Using the excuse of "my parents didn't do it" or "but my parents both worked" or "my parents were too busy" doesn't cut it - if you are bright enough to realise your parents didn't teach you something you are bright enough to get off your backside and learn those skills yourself. The help is there for the taking for those who really want it.

      We live in a world where people blaming anyone but themselves for any situation they are in is socially acceptable. It shouldn't be.

      It is too easy to blame parents, schools, the government, the economy - anyone but themselves for their ignorance and lack of responsibility and it is wrong.

      Here in Victoria, the whole of Year 9 is wasted on teaching supposed "life skills" to kids. Things like how to buy a bus ticket and how to use public transport should not be and do not need to be a part of the school curriculum. These are things any parent should be able to teach their kids instead of them taking valuable classroom time.

      In this day and age, when even toddlers can use a computer, there is absolutely no excuse for not learning how to do something, even something as basic as living within your means.

      And frankly if you bring a child into the world then you need to grow up and accept that teaching that child to be a responsible human being is your responsibility as a parent and not try to pass it off to someone else.

      Perhaps over the last 20 years or so it's been too easy to produce children and let someone else raise them with the excuse of both parents having to work. Maybe if it wasn't so easy to just put babies and children in day care 10 hours a day where strangers get to impose their morals and standards on our children then we'd have teenagers and young adults who were better equipped to live responsibly.

  3. Wow - What a Can of Worms. Dare I comment? You betcha!
    An infamous comment made by Mark Twain springs to mind.(excuse paraphrasing)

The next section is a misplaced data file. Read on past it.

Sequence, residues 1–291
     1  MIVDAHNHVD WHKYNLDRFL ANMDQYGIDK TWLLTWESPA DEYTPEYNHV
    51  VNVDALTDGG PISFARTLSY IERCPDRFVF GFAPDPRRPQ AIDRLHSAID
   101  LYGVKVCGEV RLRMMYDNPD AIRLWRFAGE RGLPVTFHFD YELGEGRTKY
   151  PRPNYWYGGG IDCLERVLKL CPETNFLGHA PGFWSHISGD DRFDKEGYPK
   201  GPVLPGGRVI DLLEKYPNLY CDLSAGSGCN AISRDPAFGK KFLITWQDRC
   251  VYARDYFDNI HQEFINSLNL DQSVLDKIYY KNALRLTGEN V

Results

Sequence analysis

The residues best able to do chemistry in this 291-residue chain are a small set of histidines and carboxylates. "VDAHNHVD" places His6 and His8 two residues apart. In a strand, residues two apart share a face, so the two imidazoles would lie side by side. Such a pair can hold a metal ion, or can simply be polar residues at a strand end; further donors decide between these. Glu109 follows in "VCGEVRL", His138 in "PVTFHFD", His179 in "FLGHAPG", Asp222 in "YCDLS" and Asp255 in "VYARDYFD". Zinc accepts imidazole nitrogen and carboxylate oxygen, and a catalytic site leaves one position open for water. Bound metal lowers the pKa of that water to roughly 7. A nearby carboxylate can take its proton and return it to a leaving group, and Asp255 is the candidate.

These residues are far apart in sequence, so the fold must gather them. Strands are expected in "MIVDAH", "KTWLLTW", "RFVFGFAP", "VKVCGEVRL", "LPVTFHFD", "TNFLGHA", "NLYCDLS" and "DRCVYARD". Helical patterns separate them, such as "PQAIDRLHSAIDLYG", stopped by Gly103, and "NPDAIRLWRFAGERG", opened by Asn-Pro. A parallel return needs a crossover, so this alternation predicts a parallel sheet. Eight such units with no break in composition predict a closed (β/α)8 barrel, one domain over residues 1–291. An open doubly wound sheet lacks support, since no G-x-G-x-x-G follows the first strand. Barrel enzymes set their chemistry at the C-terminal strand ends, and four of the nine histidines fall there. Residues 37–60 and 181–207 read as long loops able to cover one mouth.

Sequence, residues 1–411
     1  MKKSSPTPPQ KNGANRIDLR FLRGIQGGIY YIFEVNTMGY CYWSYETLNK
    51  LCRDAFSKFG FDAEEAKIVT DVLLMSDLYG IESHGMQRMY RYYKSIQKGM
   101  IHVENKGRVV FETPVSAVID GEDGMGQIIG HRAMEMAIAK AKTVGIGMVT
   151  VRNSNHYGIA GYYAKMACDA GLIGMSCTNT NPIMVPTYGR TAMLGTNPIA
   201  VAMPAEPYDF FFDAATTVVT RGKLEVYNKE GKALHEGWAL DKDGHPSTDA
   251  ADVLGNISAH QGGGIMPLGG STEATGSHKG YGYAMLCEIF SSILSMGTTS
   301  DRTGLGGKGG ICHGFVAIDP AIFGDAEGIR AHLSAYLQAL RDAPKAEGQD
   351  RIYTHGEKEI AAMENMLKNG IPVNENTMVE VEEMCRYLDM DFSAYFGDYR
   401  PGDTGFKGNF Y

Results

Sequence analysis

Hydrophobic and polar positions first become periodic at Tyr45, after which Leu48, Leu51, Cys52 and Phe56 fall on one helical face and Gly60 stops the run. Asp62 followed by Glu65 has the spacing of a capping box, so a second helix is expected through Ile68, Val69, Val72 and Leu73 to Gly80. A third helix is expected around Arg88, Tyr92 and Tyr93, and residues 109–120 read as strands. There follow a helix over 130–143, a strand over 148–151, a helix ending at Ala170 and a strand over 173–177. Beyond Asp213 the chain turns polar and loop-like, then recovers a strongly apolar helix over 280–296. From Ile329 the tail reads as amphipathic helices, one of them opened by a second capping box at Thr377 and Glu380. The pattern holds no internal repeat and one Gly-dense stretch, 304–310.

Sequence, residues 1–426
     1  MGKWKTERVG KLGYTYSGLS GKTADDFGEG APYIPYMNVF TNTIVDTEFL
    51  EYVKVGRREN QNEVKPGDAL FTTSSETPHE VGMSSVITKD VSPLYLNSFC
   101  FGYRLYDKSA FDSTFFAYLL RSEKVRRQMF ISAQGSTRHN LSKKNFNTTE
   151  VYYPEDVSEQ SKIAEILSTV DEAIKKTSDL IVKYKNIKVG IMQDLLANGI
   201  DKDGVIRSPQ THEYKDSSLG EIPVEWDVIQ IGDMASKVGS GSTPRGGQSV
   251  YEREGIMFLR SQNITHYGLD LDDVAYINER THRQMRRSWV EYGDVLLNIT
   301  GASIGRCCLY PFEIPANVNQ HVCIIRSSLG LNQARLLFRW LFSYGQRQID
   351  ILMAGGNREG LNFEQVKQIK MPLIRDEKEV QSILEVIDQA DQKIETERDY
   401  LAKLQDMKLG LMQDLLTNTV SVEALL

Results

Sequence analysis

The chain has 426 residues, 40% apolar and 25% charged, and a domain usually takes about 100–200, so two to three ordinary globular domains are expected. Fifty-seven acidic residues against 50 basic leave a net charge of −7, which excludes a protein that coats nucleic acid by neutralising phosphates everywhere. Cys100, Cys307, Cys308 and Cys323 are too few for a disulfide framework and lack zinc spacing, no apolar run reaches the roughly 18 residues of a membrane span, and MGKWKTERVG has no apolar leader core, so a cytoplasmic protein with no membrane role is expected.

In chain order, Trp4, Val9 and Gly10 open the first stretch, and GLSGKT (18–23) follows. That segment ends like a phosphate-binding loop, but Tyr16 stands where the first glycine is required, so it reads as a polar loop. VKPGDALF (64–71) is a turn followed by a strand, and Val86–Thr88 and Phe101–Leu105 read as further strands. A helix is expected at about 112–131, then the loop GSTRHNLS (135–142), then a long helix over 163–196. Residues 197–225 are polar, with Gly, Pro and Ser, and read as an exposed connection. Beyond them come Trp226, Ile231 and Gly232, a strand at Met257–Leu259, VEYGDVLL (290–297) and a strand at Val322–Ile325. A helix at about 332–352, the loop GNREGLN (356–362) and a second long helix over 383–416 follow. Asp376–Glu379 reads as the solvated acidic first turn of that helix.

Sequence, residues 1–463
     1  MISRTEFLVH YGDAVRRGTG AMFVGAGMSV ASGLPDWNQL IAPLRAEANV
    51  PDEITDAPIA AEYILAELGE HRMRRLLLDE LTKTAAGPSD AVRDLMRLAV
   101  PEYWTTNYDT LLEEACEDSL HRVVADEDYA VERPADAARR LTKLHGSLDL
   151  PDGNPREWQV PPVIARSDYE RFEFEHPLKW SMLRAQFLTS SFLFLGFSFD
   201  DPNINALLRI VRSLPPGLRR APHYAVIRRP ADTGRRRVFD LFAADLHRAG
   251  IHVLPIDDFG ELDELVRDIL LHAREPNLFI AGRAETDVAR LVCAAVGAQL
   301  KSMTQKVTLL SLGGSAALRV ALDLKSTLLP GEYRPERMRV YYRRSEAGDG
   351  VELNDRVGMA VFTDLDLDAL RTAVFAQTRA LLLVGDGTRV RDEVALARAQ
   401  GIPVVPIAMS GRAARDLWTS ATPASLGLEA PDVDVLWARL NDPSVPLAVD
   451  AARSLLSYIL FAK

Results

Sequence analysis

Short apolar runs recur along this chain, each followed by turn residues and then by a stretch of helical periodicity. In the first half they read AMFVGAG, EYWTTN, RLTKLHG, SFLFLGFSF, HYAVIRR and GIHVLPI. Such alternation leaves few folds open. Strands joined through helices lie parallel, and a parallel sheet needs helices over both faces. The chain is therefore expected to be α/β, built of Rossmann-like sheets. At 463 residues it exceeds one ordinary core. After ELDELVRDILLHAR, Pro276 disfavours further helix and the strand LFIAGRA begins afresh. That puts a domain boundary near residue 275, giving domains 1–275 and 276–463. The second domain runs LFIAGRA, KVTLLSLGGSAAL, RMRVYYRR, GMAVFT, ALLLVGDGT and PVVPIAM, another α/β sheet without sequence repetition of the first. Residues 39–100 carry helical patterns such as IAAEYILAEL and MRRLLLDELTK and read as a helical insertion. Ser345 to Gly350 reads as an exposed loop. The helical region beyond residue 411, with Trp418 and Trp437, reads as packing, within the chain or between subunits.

"When I was a teenager I believed my Dad to be SO ignorant, however I was pleasantly surprised at much he had learnt by the time I had turned 21."
    Most of us DO learn by personal experience, some NEVER learn and some DO NOT want to learn.
    I will be very interested to see whether the young lady who now lives with us will be affected by our strict but LOVING budget-conscious, living within our means household/home.
    She is currently awaiting her tax cheque so she can get another tattoo or two.
    However, she is always asking whether I know of any 'CASH' jobs because she is short of money.
    How I praise her when she takes some home-made soup & crackers for lunch @ Uni. And, I mostly bite my tongue when she says she has spent $300 on a latest game or comic artwork.............. Melinda

  4. I once shared our weekly food budget equally between 5 children then aged 5 to 15, to buy whatever they wished..... the eldest tried to decline as he realised how "management" dealt with feeding 7 of us, the others went "oh wow...." and all but one proceeded to buy their choice of junk food. Do you know, none of them wanted to repeat the scheme next week!!! and now they are all parents or heads of alternate family groups, and all are now careful budgeters! I never felt myself to be any good at money management.... but needs must, and I guess the necessity taught them a lot... AJM